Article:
The Scientist

» violence, disease/medicine and immunology

Most Recent

image: DNA Origami

DNA Origami

By The Scientist Staff | July 17, 2017

Will complex, folded synthetic DNA molecules one day serve as capsules to deliver drugs to cancer cells?

2 Comments

Using single-cell RNA sequencing, scientists characterize new populations of dendritic cells and monocytes.

0 Comments

image: Your Body Is Teeming with Weed Receptors

Your Body Is Teeming with Weed Receptors

By Megan Scudellari | July 17, 2017

And the same endocannabinoid system that translates marijuana's buzz-inducing compounds into a high plays crucial roles in health and disease outside the brain.

2 Comments

image: Endocannabinoids in the Groove

Endocannabinoids in the Groove

By Megan Scudellari | July 17, 2017

The system responsible for the buzz humans get from marijuana plays a passel of physiological roles outside the brain.

0 Comments

image: Anti-Preeclampsia Hormone Discovered

Anti-Preeclampsia Hormone Discovered

By Ruth Williams | June 29, 2017

A small, placenta-produced peptide fixes the pregnancy-related condition in mice. 

1 Comment

image: T Cells That Drive Toxic Shock in Mice Identified

T Cells That Drive Toxic Shock in Mice Identified

By Ashley Yeager | June 20, 2017

Overzealous activity by mucosa-associated invariant T (MAIT) cells in response to bacterial toxins can lead to illness instead of stopping it.

0 Comments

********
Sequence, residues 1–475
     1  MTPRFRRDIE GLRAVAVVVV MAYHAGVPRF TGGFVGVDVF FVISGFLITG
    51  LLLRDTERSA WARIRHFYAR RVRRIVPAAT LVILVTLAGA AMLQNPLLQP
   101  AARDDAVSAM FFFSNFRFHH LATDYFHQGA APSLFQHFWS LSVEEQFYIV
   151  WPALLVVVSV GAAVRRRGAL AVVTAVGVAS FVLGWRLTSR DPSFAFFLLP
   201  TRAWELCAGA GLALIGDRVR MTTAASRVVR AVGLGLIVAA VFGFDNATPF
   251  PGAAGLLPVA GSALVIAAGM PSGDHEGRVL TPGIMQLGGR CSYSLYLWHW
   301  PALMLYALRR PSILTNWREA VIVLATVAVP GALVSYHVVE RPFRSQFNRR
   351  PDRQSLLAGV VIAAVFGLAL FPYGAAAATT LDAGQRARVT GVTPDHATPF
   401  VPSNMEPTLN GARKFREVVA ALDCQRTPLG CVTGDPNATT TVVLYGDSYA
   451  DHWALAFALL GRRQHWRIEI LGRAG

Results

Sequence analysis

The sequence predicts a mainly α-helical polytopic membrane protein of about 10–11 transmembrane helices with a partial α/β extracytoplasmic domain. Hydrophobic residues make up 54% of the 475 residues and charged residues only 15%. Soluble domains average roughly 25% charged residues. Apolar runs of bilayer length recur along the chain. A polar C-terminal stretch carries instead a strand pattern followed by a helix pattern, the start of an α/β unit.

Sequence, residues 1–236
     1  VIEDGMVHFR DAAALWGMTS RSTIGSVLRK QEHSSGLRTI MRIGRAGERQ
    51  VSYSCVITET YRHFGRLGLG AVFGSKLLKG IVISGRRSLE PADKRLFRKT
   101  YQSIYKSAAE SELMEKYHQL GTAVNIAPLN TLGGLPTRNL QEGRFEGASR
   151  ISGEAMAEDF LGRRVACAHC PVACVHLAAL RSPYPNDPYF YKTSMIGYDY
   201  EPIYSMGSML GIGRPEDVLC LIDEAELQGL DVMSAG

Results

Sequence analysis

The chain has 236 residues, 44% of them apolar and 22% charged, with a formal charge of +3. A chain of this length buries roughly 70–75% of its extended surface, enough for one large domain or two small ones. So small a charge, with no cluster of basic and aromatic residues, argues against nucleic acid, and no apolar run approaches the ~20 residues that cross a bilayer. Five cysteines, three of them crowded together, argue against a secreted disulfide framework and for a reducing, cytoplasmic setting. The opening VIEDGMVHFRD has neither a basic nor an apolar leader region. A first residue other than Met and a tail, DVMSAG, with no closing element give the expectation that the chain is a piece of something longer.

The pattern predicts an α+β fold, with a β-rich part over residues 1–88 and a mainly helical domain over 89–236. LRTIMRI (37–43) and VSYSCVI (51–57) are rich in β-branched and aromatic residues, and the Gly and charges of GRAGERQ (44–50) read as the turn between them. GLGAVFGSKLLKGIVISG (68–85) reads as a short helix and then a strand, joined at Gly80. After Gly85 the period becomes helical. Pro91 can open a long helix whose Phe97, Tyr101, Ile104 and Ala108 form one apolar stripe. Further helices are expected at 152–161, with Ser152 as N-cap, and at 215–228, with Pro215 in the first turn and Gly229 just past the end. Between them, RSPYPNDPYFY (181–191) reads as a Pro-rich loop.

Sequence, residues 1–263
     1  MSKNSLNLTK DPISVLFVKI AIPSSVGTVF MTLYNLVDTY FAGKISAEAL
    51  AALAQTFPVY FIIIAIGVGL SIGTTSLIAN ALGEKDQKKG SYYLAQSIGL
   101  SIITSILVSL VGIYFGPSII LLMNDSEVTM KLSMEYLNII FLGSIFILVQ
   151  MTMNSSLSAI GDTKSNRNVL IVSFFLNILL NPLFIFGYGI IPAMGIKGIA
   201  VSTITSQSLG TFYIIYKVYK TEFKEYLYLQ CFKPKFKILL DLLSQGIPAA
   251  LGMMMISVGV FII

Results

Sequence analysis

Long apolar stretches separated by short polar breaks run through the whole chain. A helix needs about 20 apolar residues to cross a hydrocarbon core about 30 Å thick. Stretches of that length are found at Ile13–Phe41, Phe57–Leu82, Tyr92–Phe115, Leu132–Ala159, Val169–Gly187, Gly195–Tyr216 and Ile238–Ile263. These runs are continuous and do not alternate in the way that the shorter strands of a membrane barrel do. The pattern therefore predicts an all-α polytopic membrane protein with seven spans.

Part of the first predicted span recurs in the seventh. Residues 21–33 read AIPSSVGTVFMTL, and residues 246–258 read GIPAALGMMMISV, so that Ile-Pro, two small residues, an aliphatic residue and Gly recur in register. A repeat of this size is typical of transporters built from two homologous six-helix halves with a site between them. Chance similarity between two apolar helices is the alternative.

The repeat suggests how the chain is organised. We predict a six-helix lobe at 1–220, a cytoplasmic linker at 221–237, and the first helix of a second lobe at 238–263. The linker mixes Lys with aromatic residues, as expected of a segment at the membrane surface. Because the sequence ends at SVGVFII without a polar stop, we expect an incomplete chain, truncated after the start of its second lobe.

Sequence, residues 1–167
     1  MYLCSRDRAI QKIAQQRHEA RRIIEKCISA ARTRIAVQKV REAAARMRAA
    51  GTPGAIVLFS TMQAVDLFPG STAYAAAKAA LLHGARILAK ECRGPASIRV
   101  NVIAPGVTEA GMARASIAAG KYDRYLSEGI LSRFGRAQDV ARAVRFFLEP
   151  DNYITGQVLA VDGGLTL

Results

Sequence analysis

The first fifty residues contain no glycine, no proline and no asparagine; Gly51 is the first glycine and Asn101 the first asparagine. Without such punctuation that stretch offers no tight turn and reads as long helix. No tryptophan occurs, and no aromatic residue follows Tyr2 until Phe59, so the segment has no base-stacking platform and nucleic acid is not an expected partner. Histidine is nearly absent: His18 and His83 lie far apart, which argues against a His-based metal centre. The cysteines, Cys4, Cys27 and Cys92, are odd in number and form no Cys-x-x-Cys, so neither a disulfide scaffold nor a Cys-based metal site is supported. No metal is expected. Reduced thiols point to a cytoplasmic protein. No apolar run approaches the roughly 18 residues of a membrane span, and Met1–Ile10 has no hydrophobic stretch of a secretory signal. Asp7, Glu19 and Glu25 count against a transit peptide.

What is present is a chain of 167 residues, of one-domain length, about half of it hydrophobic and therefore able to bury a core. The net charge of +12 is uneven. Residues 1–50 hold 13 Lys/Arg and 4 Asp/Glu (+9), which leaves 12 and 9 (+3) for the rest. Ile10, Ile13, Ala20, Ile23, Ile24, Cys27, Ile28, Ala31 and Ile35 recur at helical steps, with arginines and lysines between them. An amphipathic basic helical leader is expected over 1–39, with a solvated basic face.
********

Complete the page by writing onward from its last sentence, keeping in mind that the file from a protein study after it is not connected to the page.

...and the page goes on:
Research shows that human immunity develops much earlier than previously thought, but functions differently in adults.

0 Comments

image: Art’s Diagnosticians

Art’s Diagnosticians

By Abby Olena | June 12, 2017

Physicians peer into the subjects of artistic masterpieces, and find new perspective on their own approach to diagnosing maladies.

0 Comments

The new findings, obtained from cell culture experiments, could explain the link between infection with the virus during pregnancy and infant microcephaly.

1 Comment

image: Book Excerpt from <em>Behave</em>

Book Excerpt from Behave

By Robert Sapolsky | June 1, 2017

In the book’s introduction, author and neuroendocrinologist Robert Sapolsky explains his fascination with the biology of violence and other dark parts of human behavior.

0 Comments

Popular Now

  1. Stem Cell Vaccine Protects Mice From Cancer
  2. Nobel Prize–Winning Biologist Dies
  3. Sci-Hub Loses Domains and Access to Some Web Services
  4. CDC: Flu Vaccine 36 Percent Effective So Far
AAAS